The long term objective of this research proposal is to determine the molecular mechanisms of vascular calcification in order to identify novel target(s) for the treatment of chronic kidney disease (CKD)-dependent vascular calcification. Vascular calcification is closely associated with cardiovascular morbidity and mortality in patients with CKD. In fact, more than half of all deaths in CKD subjects can be attributed to cardiovascular diseases. We hypothesized that a central event in the pathogenesis of CKD-dependent vascular calcification is increased expression of phosphorylated activating transcription factor 4 (ATF4). ATF4 is a member of the cAMP-responsive element-binding protein (CREB) family of basic zipper-containing transcription factors that regulates osteogenesis and also mediates unfolded protein response (UPR) in the endoplasmic reticulum (ER). Our hypothesis is based on the following evidence derived from a series of preliminary results from our lab: 1) total and phosphorylated ATF4 protein levels were induced by a number of positive regulatory factors for vascular calcification, such as inorganic phosphate, inflammatory cytokines (TNFa) and saturated fatty acids through the activation of the PERK-elF2a axis of the UPR in vascular smooth muscle cells (VSMCs);2) adenovirus-mediated overexpression of ATF4 induced mineralization of VSMCs;3) ATF4 knockdown, on the other hand, attenuated vascular calcification;4) serine-phosphorylation of ATF4 (p-ATF4) was induced by PKA activation by forskolin, which is known to promote vascular calcification;5) PKA and ERK inhibitors inhibited the phosphorylation of ATF4, resulting in the reduction of vascular calcification;6) Total ATF4 and p-ATF4 proteins were increased in the aortas of murine models of atherosclerotic calcification such as ApoE knockout mice with 5/6 nephrectomy (5/6 nx), and medial calcification such as DBA2/J mice with 5/6 nx and klotho knockout mice;7) ATF4 targets (CHOP and GADD34) increased in these models and 8) ATF4 regulates the expression of Pit-1, a major phosphate transporter in VSMCs. To determine the pivotal role of ATF4 in the pathogenesis of vascular calcification, we propose three specific aims.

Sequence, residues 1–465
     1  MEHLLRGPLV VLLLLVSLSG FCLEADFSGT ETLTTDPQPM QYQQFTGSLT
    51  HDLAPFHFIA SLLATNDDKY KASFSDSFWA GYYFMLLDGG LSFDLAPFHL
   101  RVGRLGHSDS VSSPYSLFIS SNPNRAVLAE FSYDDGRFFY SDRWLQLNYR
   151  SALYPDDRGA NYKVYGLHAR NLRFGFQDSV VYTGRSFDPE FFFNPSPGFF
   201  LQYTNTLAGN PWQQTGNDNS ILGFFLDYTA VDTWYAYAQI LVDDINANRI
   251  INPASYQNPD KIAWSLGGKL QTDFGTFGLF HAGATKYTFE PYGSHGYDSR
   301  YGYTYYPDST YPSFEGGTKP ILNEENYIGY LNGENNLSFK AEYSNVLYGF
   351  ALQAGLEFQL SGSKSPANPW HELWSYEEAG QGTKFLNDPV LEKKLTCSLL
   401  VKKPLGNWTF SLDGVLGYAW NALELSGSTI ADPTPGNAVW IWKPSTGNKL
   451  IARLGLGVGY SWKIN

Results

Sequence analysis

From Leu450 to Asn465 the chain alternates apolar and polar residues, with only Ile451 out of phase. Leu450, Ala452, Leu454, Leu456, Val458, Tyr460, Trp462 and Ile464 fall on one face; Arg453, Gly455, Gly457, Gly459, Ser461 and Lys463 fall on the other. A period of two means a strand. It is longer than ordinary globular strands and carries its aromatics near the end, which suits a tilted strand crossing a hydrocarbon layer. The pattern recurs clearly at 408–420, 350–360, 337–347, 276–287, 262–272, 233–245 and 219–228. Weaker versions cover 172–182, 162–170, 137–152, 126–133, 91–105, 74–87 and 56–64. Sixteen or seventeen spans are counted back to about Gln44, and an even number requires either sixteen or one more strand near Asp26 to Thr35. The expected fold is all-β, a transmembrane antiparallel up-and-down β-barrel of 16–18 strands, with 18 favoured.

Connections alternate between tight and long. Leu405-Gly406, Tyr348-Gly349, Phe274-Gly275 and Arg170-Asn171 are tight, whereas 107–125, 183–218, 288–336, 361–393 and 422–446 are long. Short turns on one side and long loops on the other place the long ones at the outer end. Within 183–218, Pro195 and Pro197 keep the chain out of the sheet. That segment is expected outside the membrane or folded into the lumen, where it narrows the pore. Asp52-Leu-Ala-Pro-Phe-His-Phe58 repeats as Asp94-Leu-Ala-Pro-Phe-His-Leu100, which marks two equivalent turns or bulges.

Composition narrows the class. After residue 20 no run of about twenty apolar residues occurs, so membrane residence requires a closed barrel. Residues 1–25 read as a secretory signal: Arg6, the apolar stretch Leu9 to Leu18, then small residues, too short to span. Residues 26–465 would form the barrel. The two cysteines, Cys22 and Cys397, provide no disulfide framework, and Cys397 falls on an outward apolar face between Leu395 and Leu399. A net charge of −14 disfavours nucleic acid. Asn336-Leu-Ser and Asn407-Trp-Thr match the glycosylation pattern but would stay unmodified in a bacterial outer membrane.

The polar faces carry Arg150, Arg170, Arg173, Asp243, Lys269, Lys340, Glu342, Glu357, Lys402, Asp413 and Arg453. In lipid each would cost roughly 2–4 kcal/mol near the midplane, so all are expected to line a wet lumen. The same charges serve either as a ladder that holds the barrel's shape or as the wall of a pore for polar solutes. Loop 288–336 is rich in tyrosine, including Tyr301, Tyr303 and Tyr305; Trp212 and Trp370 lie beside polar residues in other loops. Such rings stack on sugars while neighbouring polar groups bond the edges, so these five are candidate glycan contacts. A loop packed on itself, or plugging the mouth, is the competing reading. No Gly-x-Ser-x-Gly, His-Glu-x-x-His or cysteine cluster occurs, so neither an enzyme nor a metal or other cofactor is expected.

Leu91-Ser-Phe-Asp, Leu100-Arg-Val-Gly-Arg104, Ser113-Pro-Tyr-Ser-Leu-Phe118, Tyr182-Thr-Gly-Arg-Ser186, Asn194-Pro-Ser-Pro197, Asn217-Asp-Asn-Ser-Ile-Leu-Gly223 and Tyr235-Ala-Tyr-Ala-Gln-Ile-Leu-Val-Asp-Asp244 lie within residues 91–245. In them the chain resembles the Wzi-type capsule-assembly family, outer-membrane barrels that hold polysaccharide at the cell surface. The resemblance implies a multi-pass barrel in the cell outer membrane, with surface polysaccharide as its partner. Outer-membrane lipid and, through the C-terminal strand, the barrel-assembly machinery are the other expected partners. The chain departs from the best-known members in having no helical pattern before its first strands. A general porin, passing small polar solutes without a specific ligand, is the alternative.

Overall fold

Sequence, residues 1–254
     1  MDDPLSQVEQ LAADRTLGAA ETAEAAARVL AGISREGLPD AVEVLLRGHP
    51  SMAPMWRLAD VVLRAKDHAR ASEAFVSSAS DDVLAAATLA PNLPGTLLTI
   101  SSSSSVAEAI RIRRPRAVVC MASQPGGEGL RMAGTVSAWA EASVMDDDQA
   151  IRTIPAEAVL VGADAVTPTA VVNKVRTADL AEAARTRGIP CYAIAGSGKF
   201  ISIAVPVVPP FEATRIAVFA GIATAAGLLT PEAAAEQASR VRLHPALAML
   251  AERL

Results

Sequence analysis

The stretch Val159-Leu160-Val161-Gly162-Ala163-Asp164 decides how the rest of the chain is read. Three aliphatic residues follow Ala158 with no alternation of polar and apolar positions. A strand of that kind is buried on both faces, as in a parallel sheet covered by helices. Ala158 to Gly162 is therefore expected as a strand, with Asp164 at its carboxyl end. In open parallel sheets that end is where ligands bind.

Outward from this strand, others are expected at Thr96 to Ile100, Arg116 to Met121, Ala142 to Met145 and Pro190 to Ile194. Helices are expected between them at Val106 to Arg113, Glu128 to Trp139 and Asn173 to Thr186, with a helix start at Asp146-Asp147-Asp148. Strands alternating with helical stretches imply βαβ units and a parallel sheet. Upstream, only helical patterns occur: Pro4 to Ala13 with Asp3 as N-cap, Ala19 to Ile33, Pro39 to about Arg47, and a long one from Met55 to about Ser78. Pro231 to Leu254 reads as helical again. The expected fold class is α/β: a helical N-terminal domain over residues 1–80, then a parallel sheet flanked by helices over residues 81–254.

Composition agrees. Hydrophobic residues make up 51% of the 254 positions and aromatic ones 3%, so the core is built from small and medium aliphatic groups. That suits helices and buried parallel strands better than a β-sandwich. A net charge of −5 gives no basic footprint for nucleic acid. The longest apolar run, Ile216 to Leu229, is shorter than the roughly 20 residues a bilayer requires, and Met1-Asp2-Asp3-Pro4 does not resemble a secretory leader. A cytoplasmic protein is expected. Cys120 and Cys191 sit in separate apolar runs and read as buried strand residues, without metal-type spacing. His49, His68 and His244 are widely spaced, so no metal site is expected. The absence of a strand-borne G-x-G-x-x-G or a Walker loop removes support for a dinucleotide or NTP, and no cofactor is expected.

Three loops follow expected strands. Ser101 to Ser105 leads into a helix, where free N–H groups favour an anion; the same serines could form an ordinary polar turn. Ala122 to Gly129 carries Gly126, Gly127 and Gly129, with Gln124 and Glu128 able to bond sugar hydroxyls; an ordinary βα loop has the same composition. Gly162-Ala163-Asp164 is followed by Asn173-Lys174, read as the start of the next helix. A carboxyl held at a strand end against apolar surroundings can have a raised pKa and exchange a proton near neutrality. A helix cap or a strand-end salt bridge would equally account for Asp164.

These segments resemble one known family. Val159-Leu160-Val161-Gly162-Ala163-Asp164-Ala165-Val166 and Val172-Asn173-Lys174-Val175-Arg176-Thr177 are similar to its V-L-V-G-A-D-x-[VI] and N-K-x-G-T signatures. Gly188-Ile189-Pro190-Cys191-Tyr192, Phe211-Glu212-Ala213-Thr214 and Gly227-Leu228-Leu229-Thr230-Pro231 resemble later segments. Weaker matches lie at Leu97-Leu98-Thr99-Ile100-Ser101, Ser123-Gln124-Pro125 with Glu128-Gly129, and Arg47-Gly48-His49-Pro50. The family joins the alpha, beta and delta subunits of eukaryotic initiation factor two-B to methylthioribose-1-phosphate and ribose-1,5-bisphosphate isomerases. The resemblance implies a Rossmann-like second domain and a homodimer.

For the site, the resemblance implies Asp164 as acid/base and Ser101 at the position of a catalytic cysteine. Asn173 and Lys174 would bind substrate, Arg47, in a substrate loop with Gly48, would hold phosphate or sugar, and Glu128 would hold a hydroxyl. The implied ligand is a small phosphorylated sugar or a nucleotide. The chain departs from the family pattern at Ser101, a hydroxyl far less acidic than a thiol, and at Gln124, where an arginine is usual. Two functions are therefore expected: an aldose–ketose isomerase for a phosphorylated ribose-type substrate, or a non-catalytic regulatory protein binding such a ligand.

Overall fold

Specific Aim 1 : Determine whether global ATF4 deficiency and overexpression modulate CKD-dependent medial and atherosclerotic calcification.
Specific Aim 2 : Determine whether VSMC-specific activation and inhibition of ATF4 influence CKD-dependent medial and atherosclerotic calcification.
Specific Aim 3 : Elucidate molecular mechanisms by which ATF4 regulates osteoblastic differentiation and mineralization of VSMCs.
Vascular calcification is common in chronic kidney disease (CKD) and associated with increased morbidity and mortality. This research project will enhance our understanding of the molecular mechanisms of vascular calcification, and identify novel target(s) for treatment of CKD-dependent vascular calcification.
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